Economist Assumes That The Problem Is 'Thieves' Rather Than Bad Patent Laws
from the wow dept
America's largest big tech corporations are now using a business technique called "efficient infringement," which means that they calculate the benefits of stealing someone else's patented technology against the possibility of getting caught, tried in court and being forced to pay damages and penalties. If the benefits exceed the costs, they steal.Of course, someone actually knowledgeable about patents would know the difference between infringement and theft. They would also know that it's quite rare for there to be a case of a company actually copying an idea from someone else. It's almost always independent invention -- and many of the lawsuits that he's so keen on later in the article are cases where an overly broad patent is brought up in a lawsuit about an innovation the original patent had nothing to do with.
What makes patent theft so attractive is that infringement is not a criminal act and those found guilty face no jail time. Paying up is the worst that can happen to the infringer.
This is a problem that happens all too often in these discussions. Folks who don't know much about how innovation really occurs in the tech world, and who falsely conflate concepts in tangible property with a completely different government-granted monopoly right -- automatically assume that infringement is the equivalent of "stealing." Are there cases where big companies "copy" an idea from a small company? Yes, absolutely. But it's a lot more rare than many make it out to be. The really innovative ideas? Those are the ones that big companies don't even realize are big ideas until it's too late.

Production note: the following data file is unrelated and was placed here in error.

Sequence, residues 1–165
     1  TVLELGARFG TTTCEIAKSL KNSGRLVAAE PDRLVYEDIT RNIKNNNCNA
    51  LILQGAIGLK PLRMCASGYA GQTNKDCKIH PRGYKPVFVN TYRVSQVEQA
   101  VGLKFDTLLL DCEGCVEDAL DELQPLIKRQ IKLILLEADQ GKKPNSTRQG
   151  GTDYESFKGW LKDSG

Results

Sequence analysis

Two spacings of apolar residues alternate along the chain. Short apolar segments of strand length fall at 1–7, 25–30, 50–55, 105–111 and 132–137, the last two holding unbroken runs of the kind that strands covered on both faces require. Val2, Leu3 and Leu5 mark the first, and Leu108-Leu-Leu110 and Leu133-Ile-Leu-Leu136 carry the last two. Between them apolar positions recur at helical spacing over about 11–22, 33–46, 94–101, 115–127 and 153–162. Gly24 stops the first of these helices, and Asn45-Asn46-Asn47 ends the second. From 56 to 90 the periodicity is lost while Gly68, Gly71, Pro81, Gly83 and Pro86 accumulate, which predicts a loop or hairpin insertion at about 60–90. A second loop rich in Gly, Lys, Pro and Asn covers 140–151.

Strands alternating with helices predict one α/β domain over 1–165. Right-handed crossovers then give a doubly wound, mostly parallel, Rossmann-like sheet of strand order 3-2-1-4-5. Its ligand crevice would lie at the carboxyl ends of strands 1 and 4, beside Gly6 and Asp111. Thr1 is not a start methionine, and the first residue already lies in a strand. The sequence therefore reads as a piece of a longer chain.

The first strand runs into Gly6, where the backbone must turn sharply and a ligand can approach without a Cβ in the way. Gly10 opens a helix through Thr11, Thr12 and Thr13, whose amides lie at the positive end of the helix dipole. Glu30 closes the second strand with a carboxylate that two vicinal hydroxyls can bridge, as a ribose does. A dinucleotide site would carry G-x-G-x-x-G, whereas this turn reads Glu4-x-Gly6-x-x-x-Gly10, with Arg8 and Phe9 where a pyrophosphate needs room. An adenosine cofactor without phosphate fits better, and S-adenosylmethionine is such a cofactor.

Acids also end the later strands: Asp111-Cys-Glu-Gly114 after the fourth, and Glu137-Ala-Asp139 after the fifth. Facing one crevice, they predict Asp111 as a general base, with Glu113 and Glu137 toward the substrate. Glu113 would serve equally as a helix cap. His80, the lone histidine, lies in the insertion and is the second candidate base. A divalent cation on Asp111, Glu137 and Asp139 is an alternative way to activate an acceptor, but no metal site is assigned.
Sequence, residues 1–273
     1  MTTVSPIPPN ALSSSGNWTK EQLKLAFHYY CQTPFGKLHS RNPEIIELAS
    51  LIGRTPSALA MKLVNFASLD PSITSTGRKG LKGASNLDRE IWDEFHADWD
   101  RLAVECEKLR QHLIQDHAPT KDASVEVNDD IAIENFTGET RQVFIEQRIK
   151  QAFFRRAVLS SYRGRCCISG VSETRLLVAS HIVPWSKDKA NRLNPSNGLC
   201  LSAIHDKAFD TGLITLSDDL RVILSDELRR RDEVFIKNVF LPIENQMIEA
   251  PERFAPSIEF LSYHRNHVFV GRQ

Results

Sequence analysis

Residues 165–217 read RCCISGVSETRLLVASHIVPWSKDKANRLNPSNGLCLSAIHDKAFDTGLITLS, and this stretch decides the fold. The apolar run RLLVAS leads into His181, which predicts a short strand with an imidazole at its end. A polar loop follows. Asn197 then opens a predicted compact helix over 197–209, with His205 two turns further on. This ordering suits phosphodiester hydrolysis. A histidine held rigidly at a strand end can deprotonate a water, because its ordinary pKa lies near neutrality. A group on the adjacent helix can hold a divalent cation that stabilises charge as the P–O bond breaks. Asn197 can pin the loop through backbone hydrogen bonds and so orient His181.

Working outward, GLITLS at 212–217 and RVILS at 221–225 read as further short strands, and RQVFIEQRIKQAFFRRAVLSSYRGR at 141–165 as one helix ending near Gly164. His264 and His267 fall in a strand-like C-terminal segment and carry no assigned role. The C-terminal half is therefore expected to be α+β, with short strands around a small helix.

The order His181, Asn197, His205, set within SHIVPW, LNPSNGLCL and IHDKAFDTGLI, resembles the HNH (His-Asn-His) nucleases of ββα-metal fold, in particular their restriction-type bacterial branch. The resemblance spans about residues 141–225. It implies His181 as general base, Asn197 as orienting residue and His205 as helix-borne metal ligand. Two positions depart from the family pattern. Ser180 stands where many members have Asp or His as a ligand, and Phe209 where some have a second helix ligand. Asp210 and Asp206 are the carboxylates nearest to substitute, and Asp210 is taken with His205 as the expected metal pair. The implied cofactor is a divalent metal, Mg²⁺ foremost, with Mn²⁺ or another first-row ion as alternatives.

A column like Choate's is dangerous in the amount of misinformation that it puts forth, backed up with the veneer of truth without any basis in fact.